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Thread: What do YOU do when you train on your own.

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    Default What do YOU do when you train on your own.

    1st: a BIG tip to new Kenpoists (and a reminder to the old ones)
    TRAIN every day! The more often you bring your mind and body to work on Kenpo, the better you will become. You aren't just a Kenpoist in class, but all the time. Train that way and you'll reap a great deal of benefit.

    My question for discussion: When you do train on your own, or even with a buddy (someone who's NOT one of your instructors), HOW do you determine what material you want to cover??
    In Kenpo we have such a wide birth of material we can cover....how do YOU decide?

    Do you work the latest techs that you'd gained?
    DO you work family groupings?
    Do you work on weak areas to bring up what's lagging?
    Do you relax and enjoy yourself by going over your favorites? Your strengths?
    what......?

    Your Brother
    John
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    Default Re: What do YOU do when you train on your own.

    Quote Originally Posted by Brother John
    1st: a BIG tip to new Kenpoists (and a reminder to the old ones)
    TRAIN every day! The more often you bring your mind and body to work on Kenpo, the better you will become. You aren't just a Kenpoist in class, but all the time. Train that way and you'll reap a great deal of benefit.

    My question for discussion: When you do train on your own, or even with a buddy (someone who's NOT one of your instructors), HOW do you determine what material you want to cover??
    In Kenpo we have such a wide birth of material we can cover....how do YOU decide?

    Do you work the latest techs that you'd gained?
    DO you work family groupings?
    Do you work on weak areas to bring up what's lagging?
    Do you relax and enjoy yourself by going over your favorites? Your strengths?
    what......?

    Your Brother
    John
    Basics is where it all begins so when I do train I focus mainly on basics and than I review what I leared. You will never be an excellent Black Belt if you basics are horrible. I did not mean that remak to anybody it was just a general thought.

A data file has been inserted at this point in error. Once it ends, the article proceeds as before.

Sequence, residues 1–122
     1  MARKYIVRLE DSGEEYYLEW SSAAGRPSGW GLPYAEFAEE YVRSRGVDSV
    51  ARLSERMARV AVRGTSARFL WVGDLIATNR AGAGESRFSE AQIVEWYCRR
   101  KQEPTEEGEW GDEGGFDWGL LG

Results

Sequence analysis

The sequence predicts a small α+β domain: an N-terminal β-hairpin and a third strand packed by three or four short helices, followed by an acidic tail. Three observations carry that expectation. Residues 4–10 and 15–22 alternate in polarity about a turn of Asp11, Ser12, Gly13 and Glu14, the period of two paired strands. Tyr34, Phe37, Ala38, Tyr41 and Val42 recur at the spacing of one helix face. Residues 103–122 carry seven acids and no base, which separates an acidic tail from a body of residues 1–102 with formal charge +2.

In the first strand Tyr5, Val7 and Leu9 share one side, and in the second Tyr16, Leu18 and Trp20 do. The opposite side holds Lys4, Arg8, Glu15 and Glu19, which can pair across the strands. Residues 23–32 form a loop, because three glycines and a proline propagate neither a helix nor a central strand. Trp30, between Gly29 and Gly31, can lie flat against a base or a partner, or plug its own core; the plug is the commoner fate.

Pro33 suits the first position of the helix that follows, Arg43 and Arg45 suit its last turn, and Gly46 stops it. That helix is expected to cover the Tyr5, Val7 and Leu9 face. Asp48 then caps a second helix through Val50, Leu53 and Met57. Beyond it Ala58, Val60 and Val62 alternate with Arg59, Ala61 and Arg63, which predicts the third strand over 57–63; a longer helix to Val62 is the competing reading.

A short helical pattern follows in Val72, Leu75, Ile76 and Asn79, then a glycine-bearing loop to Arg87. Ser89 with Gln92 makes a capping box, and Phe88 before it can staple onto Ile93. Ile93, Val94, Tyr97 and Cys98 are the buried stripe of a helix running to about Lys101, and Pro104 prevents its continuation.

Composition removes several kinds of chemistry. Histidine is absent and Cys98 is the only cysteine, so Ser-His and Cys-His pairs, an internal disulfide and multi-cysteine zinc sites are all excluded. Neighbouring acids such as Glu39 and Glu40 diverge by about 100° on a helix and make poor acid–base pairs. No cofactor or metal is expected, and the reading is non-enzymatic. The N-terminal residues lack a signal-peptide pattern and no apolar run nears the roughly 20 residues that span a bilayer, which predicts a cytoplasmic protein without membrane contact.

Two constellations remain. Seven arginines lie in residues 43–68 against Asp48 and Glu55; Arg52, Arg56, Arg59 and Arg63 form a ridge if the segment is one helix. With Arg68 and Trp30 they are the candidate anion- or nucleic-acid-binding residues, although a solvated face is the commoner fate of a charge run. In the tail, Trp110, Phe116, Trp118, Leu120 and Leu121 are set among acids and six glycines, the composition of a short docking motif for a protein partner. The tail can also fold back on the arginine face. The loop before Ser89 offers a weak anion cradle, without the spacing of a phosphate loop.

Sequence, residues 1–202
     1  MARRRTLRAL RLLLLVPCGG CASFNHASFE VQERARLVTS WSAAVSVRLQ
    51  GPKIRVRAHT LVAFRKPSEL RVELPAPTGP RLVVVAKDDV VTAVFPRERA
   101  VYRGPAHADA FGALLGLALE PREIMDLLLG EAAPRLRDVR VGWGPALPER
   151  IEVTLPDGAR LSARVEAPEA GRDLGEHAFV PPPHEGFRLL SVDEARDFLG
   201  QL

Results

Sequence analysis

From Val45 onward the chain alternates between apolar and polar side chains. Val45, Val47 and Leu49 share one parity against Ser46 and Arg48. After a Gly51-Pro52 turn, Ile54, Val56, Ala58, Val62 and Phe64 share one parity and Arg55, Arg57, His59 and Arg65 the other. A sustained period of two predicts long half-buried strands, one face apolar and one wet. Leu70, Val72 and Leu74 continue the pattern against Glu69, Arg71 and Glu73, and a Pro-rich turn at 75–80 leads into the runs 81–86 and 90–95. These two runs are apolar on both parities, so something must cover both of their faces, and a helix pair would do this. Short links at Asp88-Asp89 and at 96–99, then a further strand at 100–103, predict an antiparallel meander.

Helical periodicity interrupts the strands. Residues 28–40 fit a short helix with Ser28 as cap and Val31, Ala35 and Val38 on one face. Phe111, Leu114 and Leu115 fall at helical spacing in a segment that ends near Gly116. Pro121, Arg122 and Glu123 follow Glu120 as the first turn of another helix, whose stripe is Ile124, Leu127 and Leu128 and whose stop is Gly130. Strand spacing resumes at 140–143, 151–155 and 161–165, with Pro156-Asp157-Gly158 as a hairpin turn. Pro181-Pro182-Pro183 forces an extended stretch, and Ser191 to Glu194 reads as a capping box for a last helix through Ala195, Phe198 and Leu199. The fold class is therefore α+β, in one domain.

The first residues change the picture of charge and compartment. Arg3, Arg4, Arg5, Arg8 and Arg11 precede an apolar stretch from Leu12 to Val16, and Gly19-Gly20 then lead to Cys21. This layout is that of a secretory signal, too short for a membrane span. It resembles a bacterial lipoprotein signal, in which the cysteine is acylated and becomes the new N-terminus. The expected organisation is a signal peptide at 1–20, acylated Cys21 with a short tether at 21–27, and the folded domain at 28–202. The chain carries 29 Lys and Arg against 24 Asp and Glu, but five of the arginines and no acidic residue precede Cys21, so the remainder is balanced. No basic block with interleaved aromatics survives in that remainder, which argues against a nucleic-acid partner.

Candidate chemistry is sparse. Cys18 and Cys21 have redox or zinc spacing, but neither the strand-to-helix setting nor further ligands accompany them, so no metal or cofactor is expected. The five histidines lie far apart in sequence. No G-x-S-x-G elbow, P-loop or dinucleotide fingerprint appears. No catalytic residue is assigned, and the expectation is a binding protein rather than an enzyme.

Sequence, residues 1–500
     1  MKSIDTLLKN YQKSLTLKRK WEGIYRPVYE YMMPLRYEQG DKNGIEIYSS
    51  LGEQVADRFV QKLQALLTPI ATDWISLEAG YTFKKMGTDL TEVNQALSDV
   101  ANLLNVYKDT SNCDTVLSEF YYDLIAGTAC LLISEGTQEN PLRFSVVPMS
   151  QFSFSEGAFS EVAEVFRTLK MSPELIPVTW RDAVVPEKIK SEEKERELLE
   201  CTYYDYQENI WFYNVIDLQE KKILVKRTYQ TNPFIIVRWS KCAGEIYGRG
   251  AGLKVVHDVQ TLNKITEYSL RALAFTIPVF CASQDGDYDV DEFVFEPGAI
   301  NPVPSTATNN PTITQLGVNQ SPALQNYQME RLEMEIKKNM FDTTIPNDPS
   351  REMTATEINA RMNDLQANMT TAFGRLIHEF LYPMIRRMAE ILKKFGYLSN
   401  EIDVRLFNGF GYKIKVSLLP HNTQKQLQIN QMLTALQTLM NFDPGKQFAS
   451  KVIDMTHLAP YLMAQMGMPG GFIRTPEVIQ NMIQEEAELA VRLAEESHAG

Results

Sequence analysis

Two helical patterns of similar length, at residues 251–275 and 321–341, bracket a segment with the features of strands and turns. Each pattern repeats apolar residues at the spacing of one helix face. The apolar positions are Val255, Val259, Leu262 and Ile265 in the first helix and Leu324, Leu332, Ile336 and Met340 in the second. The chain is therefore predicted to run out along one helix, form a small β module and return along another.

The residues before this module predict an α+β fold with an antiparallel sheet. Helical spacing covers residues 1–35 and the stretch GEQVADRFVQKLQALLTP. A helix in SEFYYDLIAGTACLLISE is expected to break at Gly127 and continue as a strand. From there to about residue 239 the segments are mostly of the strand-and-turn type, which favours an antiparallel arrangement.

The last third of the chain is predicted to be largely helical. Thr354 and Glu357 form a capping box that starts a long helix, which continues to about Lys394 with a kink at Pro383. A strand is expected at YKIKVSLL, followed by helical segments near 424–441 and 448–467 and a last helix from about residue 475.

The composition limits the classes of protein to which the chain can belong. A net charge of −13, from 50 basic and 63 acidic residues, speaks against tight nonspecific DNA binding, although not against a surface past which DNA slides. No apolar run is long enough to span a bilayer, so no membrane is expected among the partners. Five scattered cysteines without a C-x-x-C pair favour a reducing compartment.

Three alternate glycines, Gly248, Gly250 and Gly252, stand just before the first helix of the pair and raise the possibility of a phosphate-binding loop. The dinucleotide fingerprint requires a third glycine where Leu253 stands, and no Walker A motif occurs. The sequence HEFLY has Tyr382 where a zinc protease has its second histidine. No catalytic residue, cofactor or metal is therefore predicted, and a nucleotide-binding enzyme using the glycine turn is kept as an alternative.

"To hear is to doubt. To see is to be deceived. But to feel is to believe." -- SGM Ed Parker

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    Default Re: What do YOU do when you train on your own.

    and a GOOD thought it is too!!

    I strongly believe that the quality of the Kenpoist will NEVER exceed the quality of their basics!

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    Default Re: What do YOU do when you train on your own.

    Many times, rather than always running through things full speed-full power, I'll run through the material slowly, stopping after each move to make sure that its being executed properly, the proper footwork is there, etc. Does it take a bit longer? Sure does, but IMO, in the long run, it'll make your material much better when you're applying it faster.

    Mike

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    Default Re: What do YOU do when you train on your own.

    Yeah...
    Lots of people try to become speed demons and end up sacrificing quite a bit of good that would have otherwise made their motions all the more effective and efficient. Going slow, in the long run, is a short cut.
    (Because you end up learning to do it RIGHT, the first time)

    good call!
    anyone else??

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    Default Re: What do YOU do when you train on your own.

    Mostly work on new stuff, working one tech slow until I can do it with out pause, checking footwork, positioning, some what ifs.

    Still working long 3, so that takes up a lot of time.

    Also reviewing the old stuff, althought I keep getting distracted cause I'll take an old tech and use some of the things I've learned lately and end up playing with the tech for awhile.
    This is how I wear my Kenpo suit. Still trying to learn how to put it on and it's a little wrinkled, but it is starting to feel pretty good on me.

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    Thumbs up Re: What do YOU do when you train on your own.

    Quote Originally Posted by Brother John
    1st: a BIG tip to new Kenpoists (and a reminder to the old ones)
    TRAIN every day! The more often you bring your mind and body to work on Kenpo, the better you will become. You aren't just a Kenpoist in class, but all the time. Train that way and you'll reap a great deal of benefit.

    My question for discussion: When you do train on your own, or even with a buddy (someone who's NOT one of your instructors), HOW do you determine what material you want to cover??
    In Kenpo we have such a wide birth of material we can cover....how do YOU decide?

    Do you work the latest techs that you'd gained?
    DO you work family groupings?
    Do you work on weak areas to bring up what's lagging?
    Do you relax and enjoy yourself by going over your favorites? Your strengths?